It’s that time again when colleges and universities report their admissions statistics, graduation rates and other numbers, and groups compile and analyze those statistics to rank our nation’s top higher education institutions, The Huffington Post reports.

Many students rely on these rankings to help them determine which schools will best fit their needs and where to spend their application fee dollars.

These days, however, students practically need professional advisors just to help them make sense of the college rankings — more organizations are getting into the ranking business and the way they judge schools is becoming more complex. For many years, rankings focused on the academic quality of the institution, such as the famous, but often criticized, U.S. News and World Report college rankings.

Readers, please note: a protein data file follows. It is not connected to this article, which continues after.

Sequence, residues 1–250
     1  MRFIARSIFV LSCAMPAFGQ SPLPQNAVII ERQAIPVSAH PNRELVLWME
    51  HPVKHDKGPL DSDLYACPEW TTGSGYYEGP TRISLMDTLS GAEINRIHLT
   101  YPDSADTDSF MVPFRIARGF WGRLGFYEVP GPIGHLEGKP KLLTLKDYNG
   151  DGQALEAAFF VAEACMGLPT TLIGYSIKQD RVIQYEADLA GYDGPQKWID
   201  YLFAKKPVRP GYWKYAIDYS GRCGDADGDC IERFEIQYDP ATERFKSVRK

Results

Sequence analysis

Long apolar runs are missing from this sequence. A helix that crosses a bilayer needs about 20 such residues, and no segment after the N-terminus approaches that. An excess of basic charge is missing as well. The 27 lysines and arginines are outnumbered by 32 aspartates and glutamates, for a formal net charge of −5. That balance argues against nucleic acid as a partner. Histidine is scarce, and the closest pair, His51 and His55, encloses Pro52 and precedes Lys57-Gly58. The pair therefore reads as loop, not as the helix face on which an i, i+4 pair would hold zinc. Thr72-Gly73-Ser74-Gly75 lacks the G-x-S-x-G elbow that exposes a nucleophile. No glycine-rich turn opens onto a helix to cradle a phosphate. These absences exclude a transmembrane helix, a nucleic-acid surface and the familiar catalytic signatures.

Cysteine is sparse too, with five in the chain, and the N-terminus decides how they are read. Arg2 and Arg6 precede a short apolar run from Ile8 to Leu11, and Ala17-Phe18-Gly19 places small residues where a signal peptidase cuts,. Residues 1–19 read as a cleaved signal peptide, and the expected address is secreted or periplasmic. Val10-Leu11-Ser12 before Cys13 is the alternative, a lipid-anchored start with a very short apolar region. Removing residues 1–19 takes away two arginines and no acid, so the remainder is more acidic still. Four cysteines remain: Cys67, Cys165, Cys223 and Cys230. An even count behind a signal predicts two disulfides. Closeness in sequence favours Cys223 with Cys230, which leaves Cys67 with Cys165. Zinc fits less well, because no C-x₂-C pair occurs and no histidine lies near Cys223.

Now there is a growing number of rankings focusing on the “value” or “return on investment” a college or university has. Forbes, for example, is more interested in how well they fare after graduation. Some rankings are based on strictly monetary factors like tuition and salaries (Washington Monthly’s “Best Bang for the Buck” scores), others on how well the schools prepare students to enter certain lucrative career tracks.

What all of these college rankings are ignoring or missing is that much of it, if not the most important learning takes place off a college campus.

Whether entering the business sector after graduating from college or joining a law firm after finishing law school, how to actually do those jobs is often learned onsite. Your college diploma may get you in the door, it is not the best indicator of how well you’ll perform or the salary you’ll earn over a lifetime.

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eCampus News staff and wire reports


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